#1. Don’t do it alone. I think we get to a point in our lives where we finally feel independent. It’s a wonderful feeling. You kinda feel like you’re the shit and you’re invincible. WRONG. No matter how badass you look in your Wonder Woman costume…even Diana had a team behind her. Fortunately, this past year, I have had the incredible experience of having three other students in my cohort. We are extremely TINY, but we are powerful. Together, we have supported each other through this experience. We have been courageous and vulnerable. We have disclosed some pretty personal parts of our lives to one another. We are like family now. So whatever your support system is…find it…lock it down…and brace yourself. Because challenges are coming. And you will need them.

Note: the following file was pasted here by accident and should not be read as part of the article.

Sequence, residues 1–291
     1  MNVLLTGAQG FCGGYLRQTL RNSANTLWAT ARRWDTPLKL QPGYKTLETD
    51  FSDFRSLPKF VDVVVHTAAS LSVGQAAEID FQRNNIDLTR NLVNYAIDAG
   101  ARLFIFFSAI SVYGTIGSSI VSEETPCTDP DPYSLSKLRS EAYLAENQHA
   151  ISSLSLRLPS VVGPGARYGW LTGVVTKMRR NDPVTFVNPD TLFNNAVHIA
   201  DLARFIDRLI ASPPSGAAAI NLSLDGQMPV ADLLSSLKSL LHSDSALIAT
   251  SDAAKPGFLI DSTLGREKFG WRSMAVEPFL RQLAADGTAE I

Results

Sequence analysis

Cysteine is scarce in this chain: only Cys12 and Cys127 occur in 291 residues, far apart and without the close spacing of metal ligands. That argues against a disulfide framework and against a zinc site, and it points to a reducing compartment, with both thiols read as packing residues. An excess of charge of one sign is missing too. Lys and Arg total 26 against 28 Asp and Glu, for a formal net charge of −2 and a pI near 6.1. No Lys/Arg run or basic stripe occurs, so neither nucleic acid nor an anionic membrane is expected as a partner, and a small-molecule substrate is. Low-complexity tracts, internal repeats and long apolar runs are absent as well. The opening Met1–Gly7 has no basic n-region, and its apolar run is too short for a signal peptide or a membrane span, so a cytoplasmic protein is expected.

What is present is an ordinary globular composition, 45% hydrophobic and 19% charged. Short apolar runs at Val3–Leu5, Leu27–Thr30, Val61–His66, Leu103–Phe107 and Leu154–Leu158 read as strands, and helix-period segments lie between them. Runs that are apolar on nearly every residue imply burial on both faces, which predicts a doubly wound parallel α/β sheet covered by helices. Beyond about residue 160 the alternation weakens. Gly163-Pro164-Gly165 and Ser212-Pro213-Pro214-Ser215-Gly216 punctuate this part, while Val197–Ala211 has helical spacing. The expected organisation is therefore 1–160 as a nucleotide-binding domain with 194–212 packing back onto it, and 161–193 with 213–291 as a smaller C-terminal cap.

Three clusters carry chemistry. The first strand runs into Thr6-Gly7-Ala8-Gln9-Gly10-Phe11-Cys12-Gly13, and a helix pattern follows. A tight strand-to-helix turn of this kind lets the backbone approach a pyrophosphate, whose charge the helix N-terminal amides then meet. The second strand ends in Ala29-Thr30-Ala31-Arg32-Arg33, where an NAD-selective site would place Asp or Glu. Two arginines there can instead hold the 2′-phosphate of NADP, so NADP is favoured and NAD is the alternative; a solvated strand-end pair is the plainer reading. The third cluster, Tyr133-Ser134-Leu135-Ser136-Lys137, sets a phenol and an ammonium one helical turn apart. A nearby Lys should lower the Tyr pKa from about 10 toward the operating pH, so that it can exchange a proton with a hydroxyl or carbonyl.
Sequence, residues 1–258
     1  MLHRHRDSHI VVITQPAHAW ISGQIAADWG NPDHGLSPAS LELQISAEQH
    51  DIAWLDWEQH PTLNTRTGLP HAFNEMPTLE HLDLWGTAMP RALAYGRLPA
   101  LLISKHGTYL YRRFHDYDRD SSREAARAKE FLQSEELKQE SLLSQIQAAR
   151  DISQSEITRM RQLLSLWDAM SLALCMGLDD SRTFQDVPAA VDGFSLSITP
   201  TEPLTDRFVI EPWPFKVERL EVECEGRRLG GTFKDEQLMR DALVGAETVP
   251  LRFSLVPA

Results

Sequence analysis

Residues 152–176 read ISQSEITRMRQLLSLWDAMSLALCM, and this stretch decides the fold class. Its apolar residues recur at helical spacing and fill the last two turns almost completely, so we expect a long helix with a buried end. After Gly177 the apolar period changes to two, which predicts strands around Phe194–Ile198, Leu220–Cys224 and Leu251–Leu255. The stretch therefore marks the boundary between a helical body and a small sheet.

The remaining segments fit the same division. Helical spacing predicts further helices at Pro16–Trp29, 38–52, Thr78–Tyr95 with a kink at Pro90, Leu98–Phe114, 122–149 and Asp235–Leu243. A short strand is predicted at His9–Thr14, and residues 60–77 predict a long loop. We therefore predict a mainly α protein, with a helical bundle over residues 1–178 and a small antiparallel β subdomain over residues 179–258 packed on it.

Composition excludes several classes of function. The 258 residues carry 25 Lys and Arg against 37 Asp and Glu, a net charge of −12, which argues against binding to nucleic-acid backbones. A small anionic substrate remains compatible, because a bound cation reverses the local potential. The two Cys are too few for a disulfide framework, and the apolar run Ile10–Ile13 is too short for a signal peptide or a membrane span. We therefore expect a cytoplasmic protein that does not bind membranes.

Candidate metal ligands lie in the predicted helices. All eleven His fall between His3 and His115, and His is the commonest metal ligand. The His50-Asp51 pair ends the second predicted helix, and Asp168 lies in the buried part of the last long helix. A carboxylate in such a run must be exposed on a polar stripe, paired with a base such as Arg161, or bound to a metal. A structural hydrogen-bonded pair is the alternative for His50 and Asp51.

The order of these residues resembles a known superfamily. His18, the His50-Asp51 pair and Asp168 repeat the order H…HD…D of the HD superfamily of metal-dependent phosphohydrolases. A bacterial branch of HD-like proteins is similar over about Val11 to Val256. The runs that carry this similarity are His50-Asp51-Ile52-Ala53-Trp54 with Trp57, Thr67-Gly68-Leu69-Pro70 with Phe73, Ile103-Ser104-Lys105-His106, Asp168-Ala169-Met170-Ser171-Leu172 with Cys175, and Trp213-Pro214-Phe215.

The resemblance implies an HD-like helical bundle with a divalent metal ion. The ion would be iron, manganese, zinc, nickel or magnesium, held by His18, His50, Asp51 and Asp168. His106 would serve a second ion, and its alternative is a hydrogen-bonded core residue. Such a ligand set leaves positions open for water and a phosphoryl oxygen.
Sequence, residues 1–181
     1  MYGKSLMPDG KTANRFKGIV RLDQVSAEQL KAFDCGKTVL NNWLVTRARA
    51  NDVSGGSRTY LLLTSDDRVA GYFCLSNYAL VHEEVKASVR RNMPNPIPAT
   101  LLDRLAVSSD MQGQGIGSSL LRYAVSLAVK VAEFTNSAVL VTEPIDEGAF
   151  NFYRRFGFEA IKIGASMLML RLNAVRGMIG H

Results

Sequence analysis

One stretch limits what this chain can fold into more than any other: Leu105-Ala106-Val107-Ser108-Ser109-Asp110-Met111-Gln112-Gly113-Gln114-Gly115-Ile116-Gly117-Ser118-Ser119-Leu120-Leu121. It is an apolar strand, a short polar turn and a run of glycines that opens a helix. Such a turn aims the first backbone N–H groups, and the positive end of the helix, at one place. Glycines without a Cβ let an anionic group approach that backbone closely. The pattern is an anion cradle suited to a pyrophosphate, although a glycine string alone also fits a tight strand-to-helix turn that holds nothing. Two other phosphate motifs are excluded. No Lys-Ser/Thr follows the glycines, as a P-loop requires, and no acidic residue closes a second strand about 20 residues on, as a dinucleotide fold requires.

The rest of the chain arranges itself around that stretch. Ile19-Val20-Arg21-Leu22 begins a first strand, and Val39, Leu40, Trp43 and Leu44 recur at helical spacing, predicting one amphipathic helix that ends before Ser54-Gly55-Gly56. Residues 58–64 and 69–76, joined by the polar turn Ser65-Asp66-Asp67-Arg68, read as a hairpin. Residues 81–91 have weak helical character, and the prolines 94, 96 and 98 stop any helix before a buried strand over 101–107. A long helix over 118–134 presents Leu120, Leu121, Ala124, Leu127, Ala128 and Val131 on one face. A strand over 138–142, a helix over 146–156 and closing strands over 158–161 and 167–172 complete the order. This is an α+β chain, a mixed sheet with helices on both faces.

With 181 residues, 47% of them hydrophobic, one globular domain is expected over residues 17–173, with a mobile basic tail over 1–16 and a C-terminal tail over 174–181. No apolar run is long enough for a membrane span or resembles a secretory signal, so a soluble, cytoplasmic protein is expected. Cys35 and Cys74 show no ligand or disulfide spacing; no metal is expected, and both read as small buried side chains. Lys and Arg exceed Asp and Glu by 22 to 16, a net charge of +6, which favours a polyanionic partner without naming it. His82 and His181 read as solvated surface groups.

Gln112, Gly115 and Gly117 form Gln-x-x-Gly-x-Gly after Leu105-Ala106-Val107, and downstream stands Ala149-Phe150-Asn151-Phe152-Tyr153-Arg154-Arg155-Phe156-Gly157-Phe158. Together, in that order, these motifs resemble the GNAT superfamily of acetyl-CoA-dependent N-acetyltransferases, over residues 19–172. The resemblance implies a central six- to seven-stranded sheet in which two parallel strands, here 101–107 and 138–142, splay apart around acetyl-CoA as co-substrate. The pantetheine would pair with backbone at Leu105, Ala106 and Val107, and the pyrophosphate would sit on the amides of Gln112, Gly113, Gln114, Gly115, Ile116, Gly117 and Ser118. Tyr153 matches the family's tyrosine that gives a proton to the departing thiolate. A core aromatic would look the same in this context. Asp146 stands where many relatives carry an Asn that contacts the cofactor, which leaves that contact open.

#2. You are not more just because you earned your education. This is a hard one to learn. I used to think that just because I have a college degree…that I am now somehow more. More educated. More powerful. More driven. More prepared. More happy. More satisfied. More ready. Gosh, this lesson really makes you realize your biases. Most of the people in my life…are either first generation, like myself…or have never attended or completed college. This does NOT mean I am more than them. We all find our happiness, drive, satisfaction, power, education, etc. in our own ways. That does not always mean via post secondary education. I am not more. I am not better. This does not mean I don’t want to do better. But not in comparison to others. In comparison to my past self. I am climbing a ladder that I try not to stack up next to other’s. I am focused on climbing high enough that I can see my own beautiful, captivating and exhilarating view, and help others see their own beautiful, captivating, exhilarating view. Whatever that might be. However high. However meaningful. I’ll likely need to be reminded of this later…but hey…I’m only human. I’ve been socialized to believe people with a degree somehow hold the keys. This simply is not true.